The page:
Perceived competence and credit access of SMEs: can trust change the rules of the game?

Moro, Andrea and Fink, Matthias (2010). Perceived competence and credit access of SMEs: can trust change the rules of the game? In: Small Business, Entrepreneurship and Economic Recovery: A Focus on Job Creation and Economic Stabilization, 26-27 Oct 2010, Atlanta, USA.



Banks play an essential role in financing firms and especially small and medium en-terprises (SMEs). The process used by banks to decide whether and how much to lend is complex and banks rely on different lending techniques. Relationship lending, by leveraging a variety of private information gathered through contact with the firm, its owner, and the local community, has a peculiar role and can benefit SMEs by providing them with easier access to credit. No previous research focuses specifically on the perceived competence of the entrepreneur or the owner/manager of the firm as well as on competence as a substitute of trust. The present paper tries to fill this gap.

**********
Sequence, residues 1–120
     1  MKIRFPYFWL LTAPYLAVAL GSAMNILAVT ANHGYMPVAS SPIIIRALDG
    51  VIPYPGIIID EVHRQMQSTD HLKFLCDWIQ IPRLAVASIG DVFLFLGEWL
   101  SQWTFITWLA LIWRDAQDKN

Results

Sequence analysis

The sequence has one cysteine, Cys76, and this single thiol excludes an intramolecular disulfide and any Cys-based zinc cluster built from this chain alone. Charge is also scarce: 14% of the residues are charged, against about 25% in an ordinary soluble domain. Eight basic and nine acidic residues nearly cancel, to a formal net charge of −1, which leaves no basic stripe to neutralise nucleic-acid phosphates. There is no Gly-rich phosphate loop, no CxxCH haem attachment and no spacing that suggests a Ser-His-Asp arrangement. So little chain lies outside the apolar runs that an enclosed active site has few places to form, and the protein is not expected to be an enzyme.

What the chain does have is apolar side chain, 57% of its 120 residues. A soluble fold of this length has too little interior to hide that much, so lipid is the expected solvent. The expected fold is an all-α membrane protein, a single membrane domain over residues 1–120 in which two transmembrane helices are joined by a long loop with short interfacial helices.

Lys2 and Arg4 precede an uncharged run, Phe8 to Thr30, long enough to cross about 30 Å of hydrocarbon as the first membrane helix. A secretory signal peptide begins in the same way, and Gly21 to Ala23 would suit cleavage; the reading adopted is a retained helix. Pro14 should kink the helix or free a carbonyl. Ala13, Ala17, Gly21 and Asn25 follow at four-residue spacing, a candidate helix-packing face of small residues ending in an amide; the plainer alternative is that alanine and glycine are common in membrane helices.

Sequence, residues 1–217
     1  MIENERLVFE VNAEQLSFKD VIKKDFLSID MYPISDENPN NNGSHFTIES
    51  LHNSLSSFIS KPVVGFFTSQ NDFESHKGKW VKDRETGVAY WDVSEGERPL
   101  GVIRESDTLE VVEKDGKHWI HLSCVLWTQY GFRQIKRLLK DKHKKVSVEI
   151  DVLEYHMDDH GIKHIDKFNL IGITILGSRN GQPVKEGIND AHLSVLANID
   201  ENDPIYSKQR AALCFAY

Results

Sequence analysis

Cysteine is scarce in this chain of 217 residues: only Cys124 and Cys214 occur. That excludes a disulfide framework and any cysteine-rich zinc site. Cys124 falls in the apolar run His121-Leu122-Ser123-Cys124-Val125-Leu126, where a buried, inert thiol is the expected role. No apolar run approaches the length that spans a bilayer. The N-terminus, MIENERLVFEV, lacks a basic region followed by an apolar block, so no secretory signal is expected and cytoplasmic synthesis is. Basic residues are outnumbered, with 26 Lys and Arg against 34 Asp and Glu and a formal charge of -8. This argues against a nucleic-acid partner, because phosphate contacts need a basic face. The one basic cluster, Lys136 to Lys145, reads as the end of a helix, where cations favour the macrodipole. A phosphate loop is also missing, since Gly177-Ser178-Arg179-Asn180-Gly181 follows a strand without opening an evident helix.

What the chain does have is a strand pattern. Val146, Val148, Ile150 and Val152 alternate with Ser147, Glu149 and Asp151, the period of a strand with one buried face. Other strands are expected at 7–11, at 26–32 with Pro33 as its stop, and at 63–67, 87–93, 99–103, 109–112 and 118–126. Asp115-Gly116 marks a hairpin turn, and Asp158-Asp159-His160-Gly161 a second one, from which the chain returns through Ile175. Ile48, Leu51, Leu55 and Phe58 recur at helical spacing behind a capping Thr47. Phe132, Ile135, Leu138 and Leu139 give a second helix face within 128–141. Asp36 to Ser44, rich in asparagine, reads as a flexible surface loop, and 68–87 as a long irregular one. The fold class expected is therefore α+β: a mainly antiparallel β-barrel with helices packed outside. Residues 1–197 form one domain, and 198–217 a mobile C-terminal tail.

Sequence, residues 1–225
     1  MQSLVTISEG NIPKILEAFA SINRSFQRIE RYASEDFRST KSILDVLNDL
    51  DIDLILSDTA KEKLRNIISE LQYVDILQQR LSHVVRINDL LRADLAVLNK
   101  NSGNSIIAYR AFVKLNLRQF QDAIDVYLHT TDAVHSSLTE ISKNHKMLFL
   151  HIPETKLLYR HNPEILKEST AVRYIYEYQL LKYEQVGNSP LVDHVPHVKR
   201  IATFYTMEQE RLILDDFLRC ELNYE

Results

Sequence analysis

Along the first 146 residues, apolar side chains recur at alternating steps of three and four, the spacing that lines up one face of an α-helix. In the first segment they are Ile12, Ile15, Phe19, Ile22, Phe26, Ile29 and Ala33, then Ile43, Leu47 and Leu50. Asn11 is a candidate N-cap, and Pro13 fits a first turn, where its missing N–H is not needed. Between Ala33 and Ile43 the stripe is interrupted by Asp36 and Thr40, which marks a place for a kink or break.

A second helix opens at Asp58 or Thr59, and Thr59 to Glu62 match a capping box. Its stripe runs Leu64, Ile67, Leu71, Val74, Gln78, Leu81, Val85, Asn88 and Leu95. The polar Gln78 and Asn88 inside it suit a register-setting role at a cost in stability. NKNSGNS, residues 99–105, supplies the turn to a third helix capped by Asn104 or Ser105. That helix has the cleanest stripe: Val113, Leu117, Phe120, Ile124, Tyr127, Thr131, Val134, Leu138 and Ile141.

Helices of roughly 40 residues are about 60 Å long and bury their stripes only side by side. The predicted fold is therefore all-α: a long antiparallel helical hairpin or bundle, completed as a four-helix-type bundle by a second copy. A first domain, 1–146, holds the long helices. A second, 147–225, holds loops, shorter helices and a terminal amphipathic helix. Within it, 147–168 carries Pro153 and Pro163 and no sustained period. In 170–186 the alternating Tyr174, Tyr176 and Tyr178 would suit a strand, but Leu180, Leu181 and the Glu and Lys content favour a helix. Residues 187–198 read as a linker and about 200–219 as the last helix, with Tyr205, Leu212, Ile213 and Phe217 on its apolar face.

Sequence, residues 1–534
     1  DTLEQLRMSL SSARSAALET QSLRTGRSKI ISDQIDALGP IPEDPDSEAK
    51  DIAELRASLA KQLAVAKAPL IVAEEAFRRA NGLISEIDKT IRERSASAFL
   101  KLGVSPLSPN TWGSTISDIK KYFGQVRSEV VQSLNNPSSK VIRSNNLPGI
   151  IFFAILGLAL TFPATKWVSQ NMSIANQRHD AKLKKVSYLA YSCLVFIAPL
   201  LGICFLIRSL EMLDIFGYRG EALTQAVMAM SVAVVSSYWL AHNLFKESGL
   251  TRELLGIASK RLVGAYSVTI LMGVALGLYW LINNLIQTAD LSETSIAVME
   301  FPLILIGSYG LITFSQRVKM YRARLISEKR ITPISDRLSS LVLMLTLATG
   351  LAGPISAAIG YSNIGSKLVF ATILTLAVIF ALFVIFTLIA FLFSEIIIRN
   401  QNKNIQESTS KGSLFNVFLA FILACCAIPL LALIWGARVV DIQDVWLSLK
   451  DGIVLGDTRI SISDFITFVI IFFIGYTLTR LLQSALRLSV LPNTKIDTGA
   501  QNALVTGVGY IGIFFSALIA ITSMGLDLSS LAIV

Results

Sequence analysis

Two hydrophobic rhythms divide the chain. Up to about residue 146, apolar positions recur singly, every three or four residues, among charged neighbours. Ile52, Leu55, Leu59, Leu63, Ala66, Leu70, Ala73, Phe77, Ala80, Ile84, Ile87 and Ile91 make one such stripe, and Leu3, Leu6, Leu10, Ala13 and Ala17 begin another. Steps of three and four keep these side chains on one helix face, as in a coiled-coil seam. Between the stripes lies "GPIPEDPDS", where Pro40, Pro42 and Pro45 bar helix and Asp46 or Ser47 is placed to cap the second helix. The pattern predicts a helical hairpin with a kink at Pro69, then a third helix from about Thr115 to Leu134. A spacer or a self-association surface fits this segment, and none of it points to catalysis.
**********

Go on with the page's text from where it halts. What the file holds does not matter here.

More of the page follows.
The research is based on a panel of 535 entrepreneurial SMEs which operate in the widely studied and economically successful North East of Italy. The data were collected by administering a survey to bank managers of local community banks and of two national banks. The regressions show that competence is positively related to overall credit gained and negatively related to interest rate. In addition, in low trusted SMEs, credit gained is positively related to competence while the interest rate is negatively linked to competence. In highly trusted firms, these relationships are not significant.
Our findings support the point that competence is an important factor irrespective of the quality of the firm and that it is a substitute for trust in low-trusted SMEs. The findings have two major implications: banks should develop tools that are capable to catch the competence of the entrepreneurs irrespective of the performance of the firm depicted in the firms' data; the entrepreneurs need to effectively communicate their competences to the relevant stakeholders such as the bank managers. Thus, perceived competence can play an important role during economic downturns when the performance of the firm is affected by hostile eco-nomic environment.

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